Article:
The Kurds, who share ethnic and cultural similarities with Iranians and are mostly Muslim by religion (largely Sunni but with many minorities), have long struggled for self-determination. After World War I, their lands were divided up between Iraq, Iran, Syria, and Turkey. In Iran, though there have been small separatist movements, Kurds are mostly subjected to the same repressive treatment as everyone else (though they also face Persian and Shi’ite chauvinism, and a number of Kurdish political prisoners were recently executed). The situation is worse in Iraq, Syria, and Turkey, where the Kurds are a minority people subjected to ethnically targeted violations of human rights.  

Iraq: In 1986–89, Saddam Hussein conducted a genocidal campaign in which tens of thousands were murdered and thousands of Kurdish villages destroyed, including by bombing and chemical warfare. After the first Gulf War, the UN sought to establish a safe haven in parts of Kurdistan, and the United States and UK set up a no-fly zone. In 2003, the Kurdish peshmerga sided with the U.S.-led coalition against Saddam Hussein. In 2005, after a long struggle with Baghdad, the Iraqi Kurds won constitutional recognition of their autonomous region, and the Kurdistan Regional Government has since signed oil contracts with a number of Western oil companies as well as with Turkey. Iraqi Kurdistan has two main political parties, the Kurdistan Democratic Party (KDP) and the Patriotic Union of Kurdistan (PUK), both clan-based and patriarchal.

Turkey: For much of its modern history, Turkey has pursued a policy of forced assimilation towards its minority peoples; this policy is particularly stringent in the case of the Kurds—until recently referred to as the “mountain Turks”—who make up 20 percent of the total population. The policy has included forced population transfers; a ban on use of the Kurdish language, costume, music, festivals, and names; and extreme repression of any attempt at resistance. Large revolts were suppressed in 1925, 1930, and 1938, and the repression escalated with the formation of the PKK as a national liberation party, resulting in civil war in the Kurdish region from 1984 to 1999.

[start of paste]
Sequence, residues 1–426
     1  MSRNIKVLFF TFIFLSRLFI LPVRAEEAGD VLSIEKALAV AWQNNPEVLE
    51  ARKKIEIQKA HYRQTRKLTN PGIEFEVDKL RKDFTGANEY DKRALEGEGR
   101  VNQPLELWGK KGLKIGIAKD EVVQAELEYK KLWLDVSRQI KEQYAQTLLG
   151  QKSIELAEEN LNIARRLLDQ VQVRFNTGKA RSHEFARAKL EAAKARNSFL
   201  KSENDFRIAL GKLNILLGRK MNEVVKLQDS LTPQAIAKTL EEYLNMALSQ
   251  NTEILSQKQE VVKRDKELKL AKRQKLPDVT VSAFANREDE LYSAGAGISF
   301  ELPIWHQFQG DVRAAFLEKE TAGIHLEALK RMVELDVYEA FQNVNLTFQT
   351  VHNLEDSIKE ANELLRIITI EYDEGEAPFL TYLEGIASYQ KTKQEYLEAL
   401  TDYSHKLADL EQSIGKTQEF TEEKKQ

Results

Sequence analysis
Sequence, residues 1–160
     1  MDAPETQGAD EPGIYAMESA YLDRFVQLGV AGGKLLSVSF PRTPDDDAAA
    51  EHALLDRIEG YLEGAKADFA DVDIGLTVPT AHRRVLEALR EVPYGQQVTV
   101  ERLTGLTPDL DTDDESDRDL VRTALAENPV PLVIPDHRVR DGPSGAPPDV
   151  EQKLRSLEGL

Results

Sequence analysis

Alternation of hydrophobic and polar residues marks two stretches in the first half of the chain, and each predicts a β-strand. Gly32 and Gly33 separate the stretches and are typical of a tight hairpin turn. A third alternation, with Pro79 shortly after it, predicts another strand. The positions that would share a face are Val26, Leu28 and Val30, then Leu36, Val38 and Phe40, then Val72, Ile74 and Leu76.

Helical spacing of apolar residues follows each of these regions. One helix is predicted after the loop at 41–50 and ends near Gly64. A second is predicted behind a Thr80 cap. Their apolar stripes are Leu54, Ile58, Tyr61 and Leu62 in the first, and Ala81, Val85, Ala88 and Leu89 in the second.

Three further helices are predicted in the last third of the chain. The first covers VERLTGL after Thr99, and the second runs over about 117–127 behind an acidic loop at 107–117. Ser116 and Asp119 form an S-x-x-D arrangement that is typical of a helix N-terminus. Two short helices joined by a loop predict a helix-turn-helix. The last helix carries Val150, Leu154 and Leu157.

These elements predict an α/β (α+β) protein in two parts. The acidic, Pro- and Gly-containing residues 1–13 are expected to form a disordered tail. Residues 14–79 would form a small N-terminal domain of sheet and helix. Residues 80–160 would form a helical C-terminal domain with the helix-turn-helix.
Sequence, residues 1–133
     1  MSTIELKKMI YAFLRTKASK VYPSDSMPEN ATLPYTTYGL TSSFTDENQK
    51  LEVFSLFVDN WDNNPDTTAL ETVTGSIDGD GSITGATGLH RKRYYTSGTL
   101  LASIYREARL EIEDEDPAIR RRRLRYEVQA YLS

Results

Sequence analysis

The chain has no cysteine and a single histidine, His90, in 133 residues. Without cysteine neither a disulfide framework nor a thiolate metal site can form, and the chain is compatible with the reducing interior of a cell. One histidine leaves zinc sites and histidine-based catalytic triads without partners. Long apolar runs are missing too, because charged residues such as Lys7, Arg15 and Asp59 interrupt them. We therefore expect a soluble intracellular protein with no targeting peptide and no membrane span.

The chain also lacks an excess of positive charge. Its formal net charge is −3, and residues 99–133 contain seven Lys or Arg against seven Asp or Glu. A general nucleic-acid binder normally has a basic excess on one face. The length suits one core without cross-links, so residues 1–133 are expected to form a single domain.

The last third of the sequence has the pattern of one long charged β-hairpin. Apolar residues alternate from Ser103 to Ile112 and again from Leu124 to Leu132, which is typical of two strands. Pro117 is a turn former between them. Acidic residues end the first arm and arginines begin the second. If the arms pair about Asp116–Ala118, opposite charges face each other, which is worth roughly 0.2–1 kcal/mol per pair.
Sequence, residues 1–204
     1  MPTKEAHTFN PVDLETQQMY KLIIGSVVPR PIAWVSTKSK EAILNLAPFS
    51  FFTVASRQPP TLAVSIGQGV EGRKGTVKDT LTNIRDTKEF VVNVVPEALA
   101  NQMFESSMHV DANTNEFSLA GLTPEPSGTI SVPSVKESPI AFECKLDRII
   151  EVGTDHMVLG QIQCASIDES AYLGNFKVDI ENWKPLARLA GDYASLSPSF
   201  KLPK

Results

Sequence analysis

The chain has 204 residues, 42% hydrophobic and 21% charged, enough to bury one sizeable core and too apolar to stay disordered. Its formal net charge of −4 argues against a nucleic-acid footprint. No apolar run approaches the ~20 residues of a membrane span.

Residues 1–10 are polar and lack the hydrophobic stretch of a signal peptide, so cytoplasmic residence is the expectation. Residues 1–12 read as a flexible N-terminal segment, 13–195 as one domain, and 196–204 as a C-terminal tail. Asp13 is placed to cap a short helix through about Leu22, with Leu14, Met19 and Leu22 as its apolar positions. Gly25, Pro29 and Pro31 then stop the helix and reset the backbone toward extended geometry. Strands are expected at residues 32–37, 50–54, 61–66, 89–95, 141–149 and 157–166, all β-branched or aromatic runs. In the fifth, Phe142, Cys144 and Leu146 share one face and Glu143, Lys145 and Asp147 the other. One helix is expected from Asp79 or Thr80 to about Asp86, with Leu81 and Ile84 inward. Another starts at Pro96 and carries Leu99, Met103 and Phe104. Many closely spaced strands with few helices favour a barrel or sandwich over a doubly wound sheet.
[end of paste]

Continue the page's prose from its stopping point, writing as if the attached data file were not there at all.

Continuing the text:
Syria: Kurds make up perhaps 15 percent of the population and live mostly in the northeastern part of Syria. In 1962, after Syria was declared an Arab republic, a large number of Kurds were stripped of their citizenship and declared aliens, which made it impossible for them to get an education, jobs, or any public benefits. Their land was given to Arabs. The PYD was founded in 2003 and immediately banned; its members were jailed and murdered, and a Kurdish uprising in Qamishli was met with severe military violence by the regime. When the uprising against Bashar al Assad began as part of the Arab Spring, Kurds participated, but after 2012, when they captured Kobani from the Syrian army, they withdrew most of their energy from the war against Assad in order to set up a liberated area. For this reason, some other parts of the Syrian resistance consider them Assad’s allies. The Kurds in turn cite examples of discrimination against them within the opposition.